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Famous ‘moon footstep’ optical illusion shows the trick our brain plays

As Tom Stafford over at the always-interesting Mind Hacks blog demonstrates this week, our brains often play visual tricks on us. 

Here’s the famous photo of Buzz Aldrin’s footstep on the moon. Notice something strange — how the footstep appears to be rising out of the moon’s surface rather than being impressed into it?

Buzz Aldrin lunar footprint
Courtesy of NASA

“The effect,” explains Stafford, “is due to a well known visual phenomenon whereby our brains use shading to infer the perception of shape. We are wired to assume that light comes from above, so things with shading underneath, like the ridges of the footprint, are seen as sticking out towards us. Things with shading on the top are seen as sticking in, away from us.”

As Stafford notes, the optical illusion disappears when you turn the photo upside down because from this angle the photo “gels with our natural inclination to assume light comes from the top of the photo.”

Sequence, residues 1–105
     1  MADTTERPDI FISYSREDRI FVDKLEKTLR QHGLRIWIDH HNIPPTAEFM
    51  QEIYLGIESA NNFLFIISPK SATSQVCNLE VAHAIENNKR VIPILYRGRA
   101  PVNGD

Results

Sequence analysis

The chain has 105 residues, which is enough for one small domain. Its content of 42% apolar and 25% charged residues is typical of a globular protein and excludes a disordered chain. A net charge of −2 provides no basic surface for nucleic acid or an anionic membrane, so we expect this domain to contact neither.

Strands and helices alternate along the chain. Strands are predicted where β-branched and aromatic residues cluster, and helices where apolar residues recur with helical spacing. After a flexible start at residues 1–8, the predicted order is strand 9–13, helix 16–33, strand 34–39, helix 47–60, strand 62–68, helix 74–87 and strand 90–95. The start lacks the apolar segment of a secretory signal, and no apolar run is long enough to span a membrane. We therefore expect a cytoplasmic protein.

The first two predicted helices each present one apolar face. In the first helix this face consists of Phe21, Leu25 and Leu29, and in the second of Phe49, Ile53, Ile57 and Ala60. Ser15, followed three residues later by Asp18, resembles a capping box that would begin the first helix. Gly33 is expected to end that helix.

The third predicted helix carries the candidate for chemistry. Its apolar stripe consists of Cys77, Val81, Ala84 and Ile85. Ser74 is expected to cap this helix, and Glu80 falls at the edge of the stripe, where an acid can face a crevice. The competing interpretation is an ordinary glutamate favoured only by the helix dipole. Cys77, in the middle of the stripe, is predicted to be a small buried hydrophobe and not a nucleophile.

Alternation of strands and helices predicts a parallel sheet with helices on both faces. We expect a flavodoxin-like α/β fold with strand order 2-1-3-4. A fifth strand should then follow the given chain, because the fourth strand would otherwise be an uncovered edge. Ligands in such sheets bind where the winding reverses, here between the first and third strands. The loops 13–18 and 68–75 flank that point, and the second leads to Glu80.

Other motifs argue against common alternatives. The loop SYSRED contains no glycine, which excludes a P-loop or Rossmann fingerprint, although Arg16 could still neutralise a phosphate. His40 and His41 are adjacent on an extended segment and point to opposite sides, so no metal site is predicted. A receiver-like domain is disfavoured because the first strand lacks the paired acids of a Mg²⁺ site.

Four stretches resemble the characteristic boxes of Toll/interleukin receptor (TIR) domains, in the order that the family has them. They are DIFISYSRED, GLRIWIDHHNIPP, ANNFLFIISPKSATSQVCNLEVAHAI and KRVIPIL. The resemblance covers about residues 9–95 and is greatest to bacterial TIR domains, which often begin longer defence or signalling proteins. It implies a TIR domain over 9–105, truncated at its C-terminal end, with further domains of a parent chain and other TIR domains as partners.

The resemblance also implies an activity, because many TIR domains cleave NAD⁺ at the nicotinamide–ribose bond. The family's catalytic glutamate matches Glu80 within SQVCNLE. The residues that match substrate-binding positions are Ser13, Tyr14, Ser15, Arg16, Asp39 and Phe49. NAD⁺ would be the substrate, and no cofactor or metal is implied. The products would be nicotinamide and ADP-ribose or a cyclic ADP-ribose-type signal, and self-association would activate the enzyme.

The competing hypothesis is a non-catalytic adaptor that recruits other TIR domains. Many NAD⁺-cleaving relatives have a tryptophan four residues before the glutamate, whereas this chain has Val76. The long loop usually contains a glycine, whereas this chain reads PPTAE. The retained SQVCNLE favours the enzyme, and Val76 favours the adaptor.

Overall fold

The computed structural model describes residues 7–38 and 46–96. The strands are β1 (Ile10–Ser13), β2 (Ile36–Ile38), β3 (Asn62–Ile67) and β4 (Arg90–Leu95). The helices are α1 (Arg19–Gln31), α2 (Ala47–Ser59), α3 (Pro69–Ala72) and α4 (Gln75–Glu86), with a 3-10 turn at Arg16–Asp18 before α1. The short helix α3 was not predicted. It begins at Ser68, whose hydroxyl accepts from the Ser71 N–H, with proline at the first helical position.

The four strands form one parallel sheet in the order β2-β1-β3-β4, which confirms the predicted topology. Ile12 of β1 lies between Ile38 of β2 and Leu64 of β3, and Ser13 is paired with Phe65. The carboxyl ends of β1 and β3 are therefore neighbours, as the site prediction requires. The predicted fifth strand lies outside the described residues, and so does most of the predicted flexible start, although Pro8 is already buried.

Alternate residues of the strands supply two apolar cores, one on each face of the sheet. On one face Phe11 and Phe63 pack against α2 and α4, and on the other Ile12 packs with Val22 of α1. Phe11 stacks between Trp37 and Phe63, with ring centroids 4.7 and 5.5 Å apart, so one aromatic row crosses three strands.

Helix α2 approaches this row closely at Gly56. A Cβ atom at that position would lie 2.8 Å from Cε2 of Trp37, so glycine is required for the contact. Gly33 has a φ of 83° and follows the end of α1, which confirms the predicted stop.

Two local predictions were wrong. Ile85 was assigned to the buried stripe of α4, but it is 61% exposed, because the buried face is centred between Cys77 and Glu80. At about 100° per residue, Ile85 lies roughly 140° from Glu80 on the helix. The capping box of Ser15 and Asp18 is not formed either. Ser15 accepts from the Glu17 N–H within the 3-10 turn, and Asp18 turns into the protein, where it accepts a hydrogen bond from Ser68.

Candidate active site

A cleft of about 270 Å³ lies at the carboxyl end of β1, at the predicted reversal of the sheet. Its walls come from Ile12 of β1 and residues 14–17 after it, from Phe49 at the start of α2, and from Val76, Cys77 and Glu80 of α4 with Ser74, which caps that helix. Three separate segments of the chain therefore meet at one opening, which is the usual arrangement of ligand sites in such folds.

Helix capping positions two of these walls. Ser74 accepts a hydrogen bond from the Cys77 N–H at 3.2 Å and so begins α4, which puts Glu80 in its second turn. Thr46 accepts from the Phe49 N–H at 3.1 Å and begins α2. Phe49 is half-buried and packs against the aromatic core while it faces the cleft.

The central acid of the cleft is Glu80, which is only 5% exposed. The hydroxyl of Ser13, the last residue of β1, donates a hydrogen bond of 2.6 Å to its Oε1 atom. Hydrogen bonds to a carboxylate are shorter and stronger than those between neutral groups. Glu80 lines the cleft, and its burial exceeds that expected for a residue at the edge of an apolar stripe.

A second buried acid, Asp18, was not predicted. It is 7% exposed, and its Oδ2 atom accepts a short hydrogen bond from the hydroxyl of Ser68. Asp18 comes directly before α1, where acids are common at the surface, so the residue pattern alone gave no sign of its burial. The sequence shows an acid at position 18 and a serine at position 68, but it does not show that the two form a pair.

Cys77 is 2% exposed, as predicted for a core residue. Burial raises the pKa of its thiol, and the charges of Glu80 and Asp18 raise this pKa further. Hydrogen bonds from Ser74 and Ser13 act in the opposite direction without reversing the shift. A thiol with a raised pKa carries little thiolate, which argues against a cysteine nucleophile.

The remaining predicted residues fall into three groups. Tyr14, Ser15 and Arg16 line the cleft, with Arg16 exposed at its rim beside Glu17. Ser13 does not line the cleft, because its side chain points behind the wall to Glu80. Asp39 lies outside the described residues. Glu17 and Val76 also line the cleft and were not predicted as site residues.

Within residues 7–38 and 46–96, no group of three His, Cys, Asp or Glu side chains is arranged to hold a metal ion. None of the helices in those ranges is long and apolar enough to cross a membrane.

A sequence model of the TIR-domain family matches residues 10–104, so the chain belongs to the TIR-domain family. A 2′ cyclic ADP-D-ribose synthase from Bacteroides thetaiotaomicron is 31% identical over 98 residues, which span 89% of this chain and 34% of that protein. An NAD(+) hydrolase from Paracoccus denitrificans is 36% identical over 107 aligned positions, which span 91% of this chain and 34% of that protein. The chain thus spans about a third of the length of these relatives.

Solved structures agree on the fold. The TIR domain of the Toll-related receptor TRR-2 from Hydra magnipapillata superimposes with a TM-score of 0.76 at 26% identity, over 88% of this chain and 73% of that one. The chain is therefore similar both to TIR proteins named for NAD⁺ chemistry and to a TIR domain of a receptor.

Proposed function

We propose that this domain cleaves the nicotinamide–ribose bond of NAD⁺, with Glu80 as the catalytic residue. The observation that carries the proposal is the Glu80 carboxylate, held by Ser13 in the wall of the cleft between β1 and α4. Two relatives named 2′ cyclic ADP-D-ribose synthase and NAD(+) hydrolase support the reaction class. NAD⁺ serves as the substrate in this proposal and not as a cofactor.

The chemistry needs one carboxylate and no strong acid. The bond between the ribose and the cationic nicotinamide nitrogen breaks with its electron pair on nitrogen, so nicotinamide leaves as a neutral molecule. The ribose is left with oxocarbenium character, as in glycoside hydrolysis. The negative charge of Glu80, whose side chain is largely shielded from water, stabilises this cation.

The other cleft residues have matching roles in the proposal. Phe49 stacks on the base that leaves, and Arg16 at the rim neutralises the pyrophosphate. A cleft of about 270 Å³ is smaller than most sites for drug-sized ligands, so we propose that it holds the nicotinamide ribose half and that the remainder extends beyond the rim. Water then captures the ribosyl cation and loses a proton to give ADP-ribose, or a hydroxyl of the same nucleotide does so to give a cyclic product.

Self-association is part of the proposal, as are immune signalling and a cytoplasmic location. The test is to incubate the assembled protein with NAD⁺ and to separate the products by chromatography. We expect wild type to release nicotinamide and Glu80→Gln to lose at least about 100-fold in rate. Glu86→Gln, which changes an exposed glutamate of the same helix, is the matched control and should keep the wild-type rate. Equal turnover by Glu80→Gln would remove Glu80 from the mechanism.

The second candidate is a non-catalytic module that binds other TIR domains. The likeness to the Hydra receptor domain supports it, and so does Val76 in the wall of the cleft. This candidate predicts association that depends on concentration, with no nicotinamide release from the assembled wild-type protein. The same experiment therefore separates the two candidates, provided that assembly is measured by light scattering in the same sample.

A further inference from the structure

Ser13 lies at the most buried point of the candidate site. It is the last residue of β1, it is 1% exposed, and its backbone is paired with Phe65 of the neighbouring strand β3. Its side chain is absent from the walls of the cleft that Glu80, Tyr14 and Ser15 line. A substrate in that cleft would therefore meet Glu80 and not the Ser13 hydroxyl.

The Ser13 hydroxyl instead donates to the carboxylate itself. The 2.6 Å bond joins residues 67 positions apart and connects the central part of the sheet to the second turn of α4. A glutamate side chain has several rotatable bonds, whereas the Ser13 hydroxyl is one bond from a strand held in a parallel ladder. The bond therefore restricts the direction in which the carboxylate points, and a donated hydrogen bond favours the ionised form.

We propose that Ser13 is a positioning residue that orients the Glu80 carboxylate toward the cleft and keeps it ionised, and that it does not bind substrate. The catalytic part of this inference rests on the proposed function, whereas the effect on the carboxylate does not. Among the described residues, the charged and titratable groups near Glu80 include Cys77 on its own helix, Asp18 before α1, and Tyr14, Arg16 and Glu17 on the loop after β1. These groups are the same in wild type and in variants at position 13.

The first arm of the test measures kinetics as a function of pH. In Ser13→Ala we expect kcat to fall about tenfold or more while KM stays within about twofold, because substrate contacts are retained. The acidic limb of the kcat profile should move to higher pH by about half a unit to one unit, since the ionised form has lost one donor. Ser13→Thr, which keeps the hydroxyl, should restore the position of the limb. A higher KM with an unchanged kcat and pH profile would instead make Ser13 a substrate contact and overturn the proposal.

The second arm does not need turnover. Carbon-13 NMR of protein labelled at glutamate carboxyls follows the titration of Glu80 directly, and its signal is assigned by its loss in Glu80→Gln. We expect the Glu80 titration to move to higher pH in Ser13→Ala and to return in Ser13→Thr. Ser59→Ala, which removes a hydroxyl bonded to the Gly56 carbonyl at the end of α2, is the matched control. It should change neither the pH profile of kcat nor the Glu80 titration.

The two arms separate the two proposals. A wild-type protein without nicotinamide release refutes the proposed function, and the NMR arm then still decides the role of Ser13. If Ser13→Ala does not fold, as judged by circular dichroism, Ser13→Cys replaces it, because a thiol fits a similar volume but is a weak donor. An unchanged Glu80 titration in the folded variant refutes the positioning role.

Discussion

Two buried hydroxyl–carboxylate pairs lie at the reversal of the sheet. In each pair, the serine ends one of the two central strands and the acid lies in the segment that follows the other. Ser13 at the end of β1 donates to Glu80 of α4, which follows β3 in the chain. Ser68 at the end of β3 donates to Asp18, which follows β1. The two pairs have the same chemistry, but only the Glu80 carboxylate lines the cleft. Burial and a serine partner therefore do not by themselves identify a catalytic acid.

Buzz Aldrin lunar footprint
Courtesy of NASA

Use this a reminder as you go into your weekend: Don’t believe everything you see — or, for that matter, read!

Comments (6)

  1. Submitted by Phil Dech on 10/16/2009 - 01:53 pm.

    I dunno. They both looked pressed in to me.

  2. Submitted by Joshua Abell on 10/16/2009 - 02:31 pm.

    I’m with Phil on this one. I’m not seeing it.

  3. Submitted by Dan Gerber on 10/17/2009 - 06:13 am.

    Weird. I don’t see it on the first photo, and
    can’t make it happen for me. But looking at the
    flipped photo, it “jumps out” after a few moments,
    and now I can’t see the flipped one correctly. I
    think the memory of having seen the correct one
    so many times as an impression in the dust has
    something to do with it for me.

  4. Submitted by Dan Gerber on 10/17/2009 - 06:26 am.

    If you look at the original (top) photo, the light
    is coming from the right at an angle, casting a deep
    shadow where the heel is. With the light coming from
    the same direction and angle on the flipped version,
    the heel seems to have broken off and fallen into the
    shadow.

  5. Submitted by jim hughes on 10/18/2009 - 08:54 pm.

    The illusion worked for me, right away. Interesting.

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